Islamic banking is important throughout Asia, especially Malaysia, Indonesia, Pakistan, Bangladesh, and Brunei. With 17, 10, 9, and 5 Islamic banks, respectively, Malaysia, Indonesia, Bangladesh, and Pakistan are well-represented. However, Islamic banks own only 3%, 2%, and 1.1% of total assets, respectively, in Bangladesh, Indonesia, and Pakistan.

Islamic banking is also growing in Europe and Africa. The ranking includes six banks from Turkey, two from UK, and one from Germany.  Turkish banks had 4.1% of total assets and 7.8% of net profit. The global list includes one Islamic bank each from Algeria, Nigeria, South Africa, and Sudan. Despite challenges such as competition and limited awareness, Islamic banking in Africa is progressing, buoyed by regulatory support in some countries.

Largest Islamic banks in the world: Al Rajhi Bank, Tejarat Bank and Kuwait Finance House

Three Islamic banks reported total assets exceeding $100 billion, while an additional five fell within the $50 to $100 billion range. Islamic banks, in general, remain considerably smaller compared to their conventional counterparts, with only 35 banks surpassing the $10 billion asset threshold. In contrast, over 840 conventional banks in the TAB Global 1000 ranking of the largest banks in the world exceed the $10 billion asset mark.

The top 10 largest Islamic banks globally include two each from Saudi Arabia, Iran, UAE and Qatar, and one each from Kuwait and Malaysia. The rankings consider only Islamic banks with financial data available for FY 2022, excluding Iran’s Tejarat Bank and Bank Pasargad, whose data is from the financial year ending 31 March 2022. Tejarat Bank and Bank Pasargad placed second and fourth in the ranking of the largest Islamic banks.

Kuwait Finance House rose to become the third-largest Islamic bank, surpassing Bank Pasargad and Dubai Islamic Bank. This shift came after its acquisition of Ahli United Bank in Bahrain, currently transitioning from a conventional to an Islamic bank. Its total assets stood at $120 billion at the close of 2022, remaining 69% smaller than Al Rajhi Bank.

Meanwhile, Dubai Islamic Bank, the largest Islamic bank in the UAE, moved from the fourth position in last year’s ranking to the fifth. Alinma Bank in Saudi Arabia, on the other hand, outpaced Qatar Islamic Bank and Masraf Al Rayan, securing the seventh position. Alinma Bank’s total assets saw 15.5% YoY growth in 2022, while Qatar Islamic Bank and Masraf Al Rayan saw declines of 5.1% and 3.8% YoY, respectively.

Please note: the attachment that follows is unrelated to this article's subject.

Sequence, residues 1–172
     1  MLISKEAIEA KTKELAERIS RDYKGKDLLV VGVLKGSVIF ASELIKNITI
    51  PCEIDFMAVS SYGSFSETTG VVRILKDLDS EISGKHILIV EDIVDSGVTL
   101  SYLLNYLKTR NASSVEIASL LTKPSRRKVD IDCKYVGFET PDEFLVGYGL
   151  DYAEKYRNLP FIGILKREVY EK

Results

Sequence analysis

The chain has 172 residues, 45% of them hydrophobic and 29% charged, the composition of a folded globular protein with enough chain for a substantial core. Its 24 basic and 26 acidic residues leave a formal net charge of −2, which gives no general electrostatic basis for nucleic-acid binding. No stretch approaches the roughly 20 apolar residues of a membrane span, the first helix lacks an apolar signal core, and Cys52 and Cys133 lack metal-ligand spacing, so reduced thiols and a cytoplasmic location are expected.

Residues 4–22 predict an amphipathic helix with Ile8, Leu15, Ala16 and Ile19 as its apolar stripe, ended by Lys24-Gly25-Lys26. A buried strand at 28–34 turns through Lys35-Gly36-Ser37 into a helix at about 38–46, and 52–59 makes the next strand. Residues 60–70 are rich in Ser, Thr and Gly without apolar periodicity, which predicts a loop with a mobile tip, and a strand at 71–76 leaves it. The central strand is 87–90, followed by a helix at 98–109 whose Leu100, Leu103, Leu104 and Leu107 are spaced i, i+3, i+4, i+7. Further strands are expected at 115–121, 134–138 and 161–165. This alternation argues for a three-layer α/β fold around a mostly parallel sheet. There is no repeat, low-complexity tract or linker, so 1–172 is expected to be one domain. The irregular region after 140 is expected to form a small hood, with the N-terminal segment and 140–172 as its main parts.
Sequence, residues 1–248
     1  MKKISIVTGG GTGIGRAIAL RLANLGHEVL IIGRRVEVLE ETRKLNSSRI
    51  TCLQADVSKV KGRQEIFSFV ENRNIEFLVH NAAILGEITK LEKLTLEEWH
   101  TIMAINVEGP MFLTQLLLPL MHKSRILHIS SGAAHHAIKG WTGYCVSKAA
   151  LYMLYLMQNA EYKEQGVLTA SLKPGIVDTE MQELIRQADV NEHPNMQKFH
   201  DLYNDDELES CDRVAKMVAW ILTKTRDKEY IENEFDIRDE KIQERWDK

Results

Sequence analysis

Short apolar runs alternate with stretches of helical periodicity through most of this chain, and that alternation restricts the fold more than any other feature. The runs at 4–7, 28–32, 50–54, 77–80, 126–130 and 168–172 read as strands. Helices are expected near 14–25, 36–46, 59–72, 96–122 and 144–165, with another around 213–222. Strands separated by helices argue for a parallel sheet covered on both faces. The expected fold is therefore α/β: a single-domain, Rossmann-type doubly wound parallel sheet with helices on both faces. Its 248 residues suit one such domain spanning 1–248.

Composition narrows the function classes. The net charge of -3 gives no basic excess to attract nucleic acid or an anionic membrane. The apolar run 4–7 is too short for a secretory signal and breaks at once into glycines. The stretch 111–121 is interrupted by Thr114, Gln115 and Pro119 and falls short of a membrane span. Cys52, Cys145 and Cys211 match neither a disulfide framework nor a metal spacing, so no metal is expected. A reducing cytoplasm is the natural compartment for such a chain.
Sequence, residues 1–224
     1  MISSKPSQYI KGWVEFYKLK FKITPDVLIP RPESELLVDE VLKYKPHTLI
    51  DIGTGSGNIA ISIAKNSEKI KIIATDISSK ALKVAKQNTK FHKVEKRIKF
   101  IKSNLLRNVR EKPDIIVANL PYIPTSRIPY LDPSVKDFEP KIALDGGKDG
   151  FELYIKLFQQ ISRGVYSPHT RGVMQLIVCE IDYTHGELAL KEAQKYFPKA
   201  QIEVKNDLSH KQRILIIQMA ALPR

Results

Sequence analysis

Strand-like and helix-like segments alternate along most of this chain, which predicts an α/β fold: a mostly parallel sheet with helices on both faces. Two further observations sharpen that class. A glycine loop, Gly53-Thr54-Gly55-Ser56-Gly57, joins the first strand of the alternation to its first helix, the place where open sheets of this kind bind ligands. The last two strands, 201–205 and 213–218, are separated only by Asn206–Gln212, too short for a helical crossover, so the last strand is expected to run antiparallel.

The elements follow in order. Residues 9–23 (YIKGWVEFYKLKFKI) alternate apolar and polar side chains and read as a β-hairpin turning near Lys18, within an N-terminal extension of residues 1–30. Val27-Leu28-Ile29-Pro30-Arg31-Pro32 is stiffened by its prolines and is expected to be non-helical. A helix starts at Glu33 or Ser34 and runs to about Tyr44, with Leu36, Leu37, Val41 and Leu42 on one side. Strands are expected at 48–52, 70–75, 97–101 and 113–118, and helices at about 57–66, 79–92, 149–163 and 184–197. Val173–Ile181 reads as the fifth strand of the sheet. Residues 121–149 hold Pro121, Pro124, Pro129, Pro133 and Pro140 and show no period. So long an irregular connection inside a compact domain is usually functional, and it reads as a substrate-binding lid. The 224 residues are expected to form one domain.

Maybank Islamic maintained its position as the sixth-largest Islamic bank globally and the only one from Asia among the top 10 largest worldwide. Among the top 10 largest Islamic banks in Asia, eight are in Malaysia, with one each from Bangladesh and Indonesia. Maybank Islamic’s total assets reached $66 billion by the end of 2022, surpassing Bank Syariah Indonesia, the largest Islamic bank in Indonesia with $20 billion, Islami Bank Bangladesh with $17 billion, and Pakistan’s Meezan Bank with $11 billion.

World’s strongest Islamic bank, Al Rajhi, excels in all aspects but liquidity

The bulk of the top 10 Islamic banks worldwide performed well in risk, asset quality, and profitability. With an 8.5 strength score, Al Rajhi Bank remains the strongest globally. Kuwait Finance House and Qatar Islamic Bank followed closely in second and fourth places. Turkey’s Turkiye Emlak and Kuveyt Turk banks placed third and seventh. Meezan Bank in Pakistan and Maybank Islamic in Malaysia placed sixth and 10th.

Al Rajhi Bank excelled everywhere except liquidity. The bank grew net financing 25.5% and consumer deposits 10.3% YoY. With a 26% CIR and 2.45% ROA, the bank was profitable, and maintained strong capital, with its CAR rising from 17.5% in 2021 to 21.4% in 2022. With a provision coverage ratio of 260% and a gross NPF ratio of 0.54% in 2022, asset quality remained strong.

Kuwait Finance House had an LCR of 182%, compared to 126% for Al Rajhi Bank and Qatar Islamic Bank. Kuwait Finance House’s gross NPF ratio rose from 1.7% in 2021 to 1.4% in 2022, over Qatar Islamic Bank’s 1.5%. Qatar Islamic Bank is the most efficient Islamic bank, with a CIR of 17.4% in 2022, up from 18.1% in 2021. ROA was 2.1%, surpassing Kuwait Finance House’s 1.8%. Qatar Islamic Bank’s CAR was 19.9%, surpassing Kuwait Finance House’s 17.7%.

In Asia, the top 10 strongest Islamic banks consist of five in Malaysia, three in Indonesia, and two in Pakistan. Asian Islamic banks Meezan Bank, Maybank Islamic, and Bank Syariah Indonesia rank highest. Maybank Islamic scored on scale and asset quality, Meezan Bank on balance sheet expansion, profitability, and liquidity, and Bank Syariah Indonesia on risk profile strength.

Meezan Bank’s ROA rose from 1.7% in 2021 to 2.0% in 2022, surpassing Bank Syariah Indonesia’s 1.5% and Maybank Islamic’s 1.1%. However, Maybank Islamic had a lower CIR of 29% than Meezan Bank (34%), and Bank Syariah Indonesia (56%). Maybank Islamic had a 0.9% gross NPF ratio, compared to Meezan Bank’s 1.3% and Bank Syariah Indonesia’s 2.4%. Meezan Bank’s liquid assets-to-total deposits ratio was 54%, beating Maybank Islamic’s 15%. Meezan Bank’s LCR rose from 222% in 2021 to 284% in 2022.

Islamic banking witnessed significant advancements, including the grant of the first Islamic banking unit license to a conventional bank in the Philippines in August 2023, and Uganda’s issuance of its first Islamic banking license in September 2023, while Australia’s Islamic Bank Australia will launch in 2024. This expansion of Islamic banking is fuelled by increasing demand, greater awareness among non-Muslims, and product innovations. 

To view the full ranking: World’s Largest Islamic Banks  


by : on 2023-12-05 10:51:00